When the wire is chewed or not communicating the signal because of being pinched, the monitoring station will receive a trouble signal and they will send someone out to her house.  Technicians can cost over $50 an hour and that's an expense that SHE has to pay, so make sure she understands that going in.

  • #1135 Reply

    joe_r82

    A lot of companies will have specials running that sound better than they really are.  Before she gets excited, she needs to look under every single hood with these guys.  Free installs would be great if you weren't locked into a 2 to 4 year contract that will cost you $500 to break.  That is a serious agreement and that's a serious fee for breaking the contract.  You have to face the fact that a security system might not work out for her, and she might not find out until several months later.  A $100 to $200 cancelation fee is common and of course, $100 or lower is much better and is indicative of a more reputable company.

    Make sure also that all of  her doors and entrances are covered.  Sometimes you'll get a security system and sign the contract, only to find out that all of your entrances are not secure.  You might have 4 doors in your home, and only two have motion sensor protection.  You might only have a few other devices as well and be locked into a very long term contract.  If the agents tell you that you don't need the additional coverage and you feel weird about anything in your gut, follow your gut.  If you feel like your home needs more security than they are offering, then it probably does and you need to make sure you feel comfortable before you sign a contract.

    Most people have several doors in their home including the front door, a basement door a patio door and often a garage entrance.  Can you really stop and choose two doors to secure?  Would you feel safe if only two or three of those doors were secured?  If a company offers you that level of security, run, because they don't care about you.  They care about making a sale.  If they cared about their customer's security, then they would offer a decent system.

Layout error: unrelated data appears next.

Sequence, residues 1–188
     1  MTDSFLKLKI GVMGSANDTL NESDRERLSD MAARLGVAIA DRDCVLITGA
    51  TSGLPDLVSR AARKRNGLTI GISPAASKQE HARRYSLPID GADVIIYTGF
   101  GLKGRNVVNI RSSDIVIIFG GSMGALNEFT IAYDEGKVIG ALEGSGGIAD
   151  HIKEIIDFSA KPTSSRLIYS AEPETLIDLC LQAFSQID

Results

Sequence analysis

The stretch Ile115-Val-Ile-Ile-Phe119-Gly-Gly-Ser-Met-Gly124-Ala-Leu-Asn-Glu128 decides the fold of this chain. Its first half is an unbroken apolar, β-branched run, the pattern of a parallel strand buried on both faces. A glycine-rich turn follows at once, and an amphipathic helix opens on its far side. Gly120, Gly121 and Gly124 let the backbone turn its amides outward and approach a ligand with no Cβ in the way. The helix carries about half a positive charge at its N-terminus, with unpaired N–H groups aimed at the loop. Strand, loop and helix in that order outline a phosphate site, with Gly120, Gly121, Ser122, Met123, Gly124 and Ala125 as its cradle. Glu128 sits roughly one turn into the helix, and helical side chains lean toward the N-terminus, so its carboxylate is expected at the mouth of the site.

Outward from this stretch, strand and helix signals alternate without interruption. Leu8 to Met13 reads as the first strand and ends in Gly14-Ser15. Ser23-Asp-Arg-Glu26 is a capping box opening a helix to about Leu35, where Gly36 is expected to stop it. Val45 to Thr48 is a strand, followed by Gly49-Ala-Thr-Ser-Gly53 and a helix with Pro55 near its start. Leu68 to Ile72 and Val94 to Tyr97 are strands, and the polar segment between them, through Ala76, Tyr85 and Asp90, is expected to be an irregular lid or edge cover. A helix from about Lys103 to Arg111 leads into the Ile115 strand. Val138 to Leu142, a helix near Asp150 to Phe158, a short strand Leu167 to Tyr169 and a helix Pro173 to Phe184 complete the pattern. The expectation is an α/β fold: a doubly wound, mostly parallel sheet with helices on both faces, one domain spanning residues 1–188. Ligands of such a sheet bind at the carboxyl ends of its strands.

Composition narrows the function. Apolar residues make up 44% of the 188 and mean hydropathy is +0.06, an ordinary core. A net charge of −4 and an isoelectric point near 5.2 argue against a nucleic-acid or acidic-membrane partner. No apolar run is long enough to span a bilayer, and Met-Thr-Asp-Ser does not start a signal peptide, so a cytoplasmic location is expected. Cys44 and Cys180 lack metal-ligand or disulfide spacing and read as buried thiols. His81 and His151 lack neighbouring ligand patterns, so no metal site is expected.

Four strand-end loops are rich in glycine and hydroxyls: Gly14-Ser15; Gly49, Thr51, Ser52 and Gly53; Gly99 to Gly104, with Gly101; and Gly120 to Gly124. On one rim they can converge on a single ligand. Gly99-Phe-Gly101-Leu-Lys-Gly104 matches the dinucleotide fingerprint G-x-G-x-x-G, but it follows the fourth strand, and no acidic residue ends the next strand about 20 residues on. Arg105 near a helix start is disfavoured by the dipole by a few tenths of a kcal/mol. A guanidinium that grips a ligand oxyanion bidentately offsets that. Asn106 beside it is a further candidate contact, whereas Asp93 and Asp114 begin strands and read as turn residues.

You should also try to make sure to get glass break motion detectors.  They will go off if a glass plate breaks.  They are sensitive and if you are in an emergency, you want a sensitive alarm so that it will quickly alert the monitoring center of  your situation.  One other thing about the glass break sensors is that though sensitive, they don't often produce false alarms, so they're sensitive, but not a pain in the behind, you know.

  • #1136 Reply

    Godson

    Captivating and quite interesting. You may need property insurance but you need to get the right information before you apply for a policy.

  • #1133 Reply

    amyr

    This website actually has some tips and recommendations that I found really helpful too.  In reading through this, I think it might be good for anyone considering getting a home alarm system to read the home security systems reviews as well as learn all the complicated terms used in this world before you invite anyone into your home to poke around and overcharge you. Be cautious and take the time to make the right decision because contracts can get you for sure!